The year was 1998. The five young musicians in Lucky Boys Confusion — Stubhy Pandav, Adam Krier, Ryan Fergus, Joe Sell and Jason Schultejann — were just learning to navigate post-high school life and the local music scene when they released the debut full-length album, “Growing Out of It.”
The release — a mishmash of reggae, ska, punk and alternative rock tracks — drew heavily from Krier and Sell’s punk rock-heavy days in Spinning Jenny and folded in hip-hop and grungy hard rock from Fergus and Pandav’s previous band Farmboy.
What could have felt like an overly eclectic assortment of styles — fun shout-along vocals, raps, smoky spoken-word grooves and aggressive rebellion — made the West suburban rockers an everyday name on the Chicago music scene. They’ll celebrate that legacy when they revisit “Growing Out of It” this weekend at the House of Blues.
Back then, the bouncy single “Dumb Pop Song” was already in heavy rotation on Q101. And labels were starting to sniff around with interest. But band members were more focused on the music they were making and the parties that came along with it.
“I wanted to try everything I could,” said Pandav, who grew up in Downers Grove. “We were still not at the place where the music industry told us we needed to fit in a hole. ‘You don’t fit in this box. How are we supposed to market you?’ We had this really strong attitude of ‘We don’t care.'”
“And you know what? It worked,” he said, adding that in that first year they sold nearly 10,000 CDs from the trunk of their car proverbially.
Without the help of social media, Lucky Boys Confusion had to build a following from the ground up, first in their hometowns of Downers Grove and Naperville, then spreading through Chicago. All by being relatable.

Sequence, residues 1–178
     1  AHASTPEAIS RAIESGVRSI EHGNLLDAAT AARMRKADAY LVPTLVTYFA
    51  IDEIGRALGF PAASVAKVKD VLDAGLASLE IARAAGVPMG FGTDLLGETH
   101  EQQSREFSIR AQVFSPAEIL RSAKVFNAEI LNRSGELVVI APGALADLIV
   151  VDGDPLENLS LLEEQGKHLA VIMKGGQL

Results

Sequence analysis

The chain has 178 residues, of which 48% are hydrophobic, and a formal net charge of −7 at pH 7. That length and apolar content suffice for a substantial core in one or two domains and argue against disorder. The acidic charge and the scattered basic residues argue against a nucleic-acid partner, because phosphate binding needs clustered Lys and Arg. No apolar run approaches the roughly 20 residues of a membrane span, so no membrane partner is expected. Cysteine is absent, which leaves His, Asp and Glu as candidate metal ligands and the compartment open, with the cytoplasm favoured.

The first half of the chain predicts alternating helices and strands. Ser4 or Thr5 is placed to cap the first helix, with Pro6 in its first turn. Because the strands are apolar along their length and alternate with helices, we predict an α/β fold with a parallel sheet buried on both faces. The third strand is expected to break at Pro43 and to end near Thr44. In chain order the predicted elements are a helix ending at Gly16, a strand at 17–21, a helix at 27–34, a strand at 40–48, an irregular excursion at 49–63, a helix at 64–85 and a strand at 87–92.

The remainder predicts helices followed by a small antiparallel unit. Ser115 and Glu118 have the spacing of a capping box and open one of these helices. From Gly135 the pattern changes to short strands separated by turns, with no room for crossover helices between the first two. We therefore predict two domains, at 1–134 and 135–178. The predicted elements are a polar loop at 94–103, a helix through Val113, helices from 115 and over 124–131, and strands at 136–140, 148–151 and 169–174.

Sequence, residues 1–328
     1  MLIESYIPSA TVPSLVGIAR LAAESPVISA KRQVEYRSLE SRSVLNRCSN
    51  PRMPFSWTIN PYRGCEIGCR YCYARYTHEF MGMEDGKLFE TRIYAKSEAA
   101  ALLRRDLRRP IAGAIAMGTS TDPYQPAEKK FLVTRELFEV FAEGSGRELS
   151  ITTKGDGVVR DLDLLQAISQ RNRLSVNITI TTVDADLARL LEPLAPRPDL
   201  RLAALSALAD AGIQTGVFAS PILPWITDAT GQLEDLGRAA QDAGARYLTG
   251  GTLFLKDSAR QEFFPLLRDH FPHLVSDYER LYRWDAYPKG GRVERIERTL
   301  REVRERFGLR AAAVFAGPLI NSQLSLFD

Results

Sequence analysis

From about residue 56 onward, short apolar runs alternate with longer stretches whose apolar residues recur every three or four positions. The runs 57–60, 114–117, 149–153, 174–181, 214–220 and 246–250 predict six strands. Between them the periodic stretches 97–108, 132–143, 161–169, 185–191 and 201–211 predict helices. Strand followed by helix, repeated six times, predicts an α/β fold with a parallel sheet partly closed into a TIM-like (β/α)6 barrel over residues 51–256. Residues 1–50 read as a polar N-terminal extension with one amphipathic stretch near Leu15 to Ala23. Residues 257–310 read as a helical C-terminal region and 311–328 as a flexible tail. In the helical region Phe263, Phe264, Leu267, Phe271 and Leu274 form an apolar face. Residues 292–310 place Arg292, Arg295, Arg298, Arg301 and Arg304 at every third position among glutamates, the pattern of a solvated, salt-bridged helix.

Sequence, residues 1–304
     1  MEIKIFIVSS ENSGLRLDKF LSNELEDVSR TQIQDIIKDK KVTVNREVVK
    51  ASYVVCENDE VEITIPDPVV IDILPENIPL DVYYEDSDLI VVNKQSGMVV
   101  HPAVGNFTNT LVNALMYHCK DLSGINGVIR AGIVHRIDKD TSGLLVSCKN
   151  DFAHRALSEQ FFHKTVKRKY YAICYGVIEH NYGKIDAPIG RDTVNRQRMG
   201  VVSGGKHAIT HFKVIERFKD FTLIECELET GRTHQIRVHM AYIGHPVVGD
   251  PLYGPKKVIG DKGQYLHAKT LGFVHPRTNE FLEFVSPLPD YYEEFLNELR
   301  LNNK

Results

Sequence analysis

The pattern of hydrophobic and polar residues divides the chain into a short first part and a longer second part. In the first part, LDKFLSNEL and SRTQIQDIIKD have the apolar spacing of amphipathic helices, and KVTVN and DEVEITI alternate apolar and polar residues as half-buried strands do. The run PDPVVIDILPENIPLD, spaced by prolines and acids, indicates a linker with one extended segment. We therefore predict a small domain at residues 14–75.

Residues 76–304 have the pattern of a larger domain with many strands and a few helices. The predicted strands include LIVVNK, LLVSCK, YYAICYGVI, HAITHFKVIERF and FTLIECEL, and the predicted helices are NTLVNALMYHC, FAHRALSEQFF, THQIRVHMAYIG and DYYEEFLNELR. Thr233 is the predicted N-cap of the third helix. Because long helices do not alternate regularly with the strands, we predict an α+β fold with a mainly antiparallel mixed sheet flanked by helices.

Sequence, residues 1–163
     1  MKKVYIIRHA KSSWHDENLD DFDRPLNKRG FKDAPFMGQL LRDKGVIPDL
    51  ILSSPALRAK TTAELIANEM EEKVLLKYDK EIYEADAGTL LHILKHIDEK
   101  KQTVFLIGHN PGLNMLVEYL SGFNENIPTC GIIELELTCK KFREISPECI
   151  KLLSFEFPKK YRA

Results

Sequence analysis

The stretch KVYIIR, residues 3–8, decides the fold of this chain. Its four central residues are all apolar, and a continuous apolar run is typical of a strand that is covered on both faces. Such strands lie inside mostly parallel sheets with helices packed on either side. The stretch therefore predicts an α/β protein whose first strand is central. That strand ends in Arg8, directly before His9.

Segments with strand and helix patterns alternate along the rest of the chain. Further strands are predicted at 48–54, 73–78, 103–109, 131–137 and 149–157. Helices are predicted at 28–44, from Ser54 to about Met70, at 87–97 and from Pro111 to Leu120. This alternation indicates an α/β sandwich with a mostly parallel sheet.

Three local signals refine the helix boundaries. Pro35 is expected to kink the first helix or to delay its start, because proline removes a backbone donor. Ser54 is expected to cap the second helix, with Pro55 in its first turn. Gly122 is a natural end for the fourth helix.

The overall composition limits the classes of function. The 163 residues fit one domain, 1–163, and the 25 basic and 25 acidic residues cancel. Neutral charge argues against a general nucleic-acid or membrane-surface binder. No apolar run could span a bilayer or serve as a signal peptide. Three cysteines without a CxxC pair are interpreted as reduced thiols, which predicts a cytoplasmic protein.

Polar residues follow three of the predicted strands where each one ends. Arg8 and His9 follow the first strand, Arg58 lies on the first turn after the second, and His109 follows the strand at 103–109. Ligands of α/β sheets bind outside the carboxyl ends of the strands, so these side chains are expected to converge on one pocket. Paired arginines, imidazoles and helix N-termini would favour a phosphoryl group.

“For a band that had no background in anything, just doing everything DIY, we didn’t realize what we were doing at the time. But it was some really creative marketing,” Pandav said. “We were just having fun, just being the guys we were offstage on the stage. … The way we acted on stage was the same way we’d act at a party. People just liked the fact that we were real.”
With Pandav and Krier at the helm writing the songs — “doing the Lennon-McCartney thing” — “Growing Out of It” hit home lyrically with lots of young suburban and Chicago fans. Sure, some songs are what Pandav describes as “bratty;” but others veer deeper, such as “Fred Astaire” and “One to the Right,” which explore the pressures of growing up and avoiding the path everybody seems to be laying out in front of you.
“One thing we never had an issue with was saying how we feel,” Pandav said. “Of course that changes in time, but as 18- to 20-year-old kids, we just wanted to be us. We were concerned about putting out an honest and genuine album.”
“We weren’t even 20, and we put out a concept album that flows from the second you put it on to when it’s done,” he said. “I’ve been chasing that for years.”
Of course, now that the band members are creeping into their 40s, the album takes on a more nostalgic feel for Pandav and the band. Family lives, careers and other priorities have stepped into the spotlight. And the four remaining founders are still feeling the 2012 death of Sell, who would have turned 41 this month.
“That’s probably the hardest thing about this whole show,” Pandav said. “Not that Joe wasn’t a big part of everything, but he really was a big part of ‘Growing Out of It’ and ‘Soapbox.’ Those early days, he was a special part of my life. We all were attached at the hip.”
“This whole show is about Joe.”
But Saturday’s show is an opportunity for the band — including guitarist Brian Sherman and a few special guests from back in the day — and longtime fans to look back with fondness.
At a recent practice, Pandav said, “Ryan pulled me aside and said ‘Thank you. … You make us do these things, and we fight you tooth and nail, but then we go back and listen to these records and remember how much fun it was.’ And yeah, you forget that was the best time of our lives. You move on. You move on from the music and you grow as an artist, but, man, those times were pure. That was the real deal.”
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Lucky Boys Confusion celebrates “Growing Out of It” with Much the Same, Hot Alice, The Dead Woods
When: 7 p.m. Saturday, Oct. 26
Where: House of Blues, 329 N. Dearborn St., Chicago, (312) 923-2000 or houseofblues.com